One-Eyed Jacks saw a revival a few years later. Today, it’s unequivocally considered one of the greatest Westerns ever made — but one can’t help wonder how different or superior the film might have been had Kubrick helmed it.
Following the Eastwood-Kaufman fracas, the Director’s Guild instituted what came to be known as the 'Eastwood Rule' — prohibiting a star from replacing a director on a film.
While the rule existed in principle, in spirit, the practice continued in some form or the other. Eastwood himself fired Bruce Beresford from The Bridges of Madison County and once again took over directing duties.
There were also instances where stars indirectly replaced the director — there were rumours that Kevin Costner took over Waterworld from director, Kevin Reynolds, and did the final cut, while Edward Norton did an alternate edit of American History X where the original director, Tony Kaye, was not really ‘fired’, but simply replaced by the star in the editing room.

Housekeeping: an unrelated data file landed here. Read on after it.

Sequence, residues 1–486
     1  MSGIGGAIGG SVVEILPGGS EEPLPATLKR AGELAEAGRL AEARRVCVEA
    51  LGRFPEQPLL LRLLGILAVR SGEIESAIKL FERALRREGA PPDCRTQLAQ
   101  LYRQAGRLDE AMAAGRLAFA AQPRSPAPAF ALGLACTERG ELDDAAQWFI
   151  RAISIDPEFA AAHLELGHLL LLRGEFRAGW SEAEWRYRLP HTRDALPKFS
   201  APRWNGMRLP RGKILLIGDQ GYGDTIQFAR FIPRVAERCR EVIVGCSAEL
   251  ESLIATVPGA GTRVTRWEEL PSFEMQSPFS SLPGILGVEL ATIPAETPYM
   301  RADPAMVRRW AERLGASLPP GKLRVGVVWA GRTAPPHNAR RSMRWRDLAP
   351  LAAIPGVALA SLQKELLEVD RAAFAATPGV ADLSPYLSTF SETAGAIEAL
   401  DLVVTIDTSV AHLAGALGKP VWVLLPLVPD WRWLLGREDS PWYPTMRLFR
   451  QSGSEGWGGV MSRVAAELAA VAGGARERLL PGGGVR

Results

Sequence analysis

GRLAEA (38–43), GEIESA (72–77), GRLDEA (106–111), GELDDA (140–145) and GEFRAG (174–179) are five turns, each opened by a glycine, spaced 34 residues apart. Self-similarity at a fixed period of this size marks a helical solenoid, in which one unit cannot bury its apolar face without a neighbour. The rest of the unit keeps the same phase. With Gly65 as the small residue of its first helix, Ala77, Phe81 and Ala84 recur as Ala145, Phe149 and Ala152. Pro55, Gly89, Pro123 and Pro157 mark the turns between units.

In spite of the 'Eastwood Rule', the replacing of directors with their stars continued in Hollywood. (Source: YouTube screengrab)
What prompts a star to either directly replace the director or throw their weight around till the producer or the studio is okay with such a change, depends on a variety of reasons. Classical film stars happen to be notoriously worried about a particular image and a certain stature, and anything that can threaten them sees them do strange things. This could probably be the reason why Brando, then the biggest star in the world, anticipating trouble from Kubrick, then a relatively lesser-known director but someone who couldn’t be pushed around, replaced him.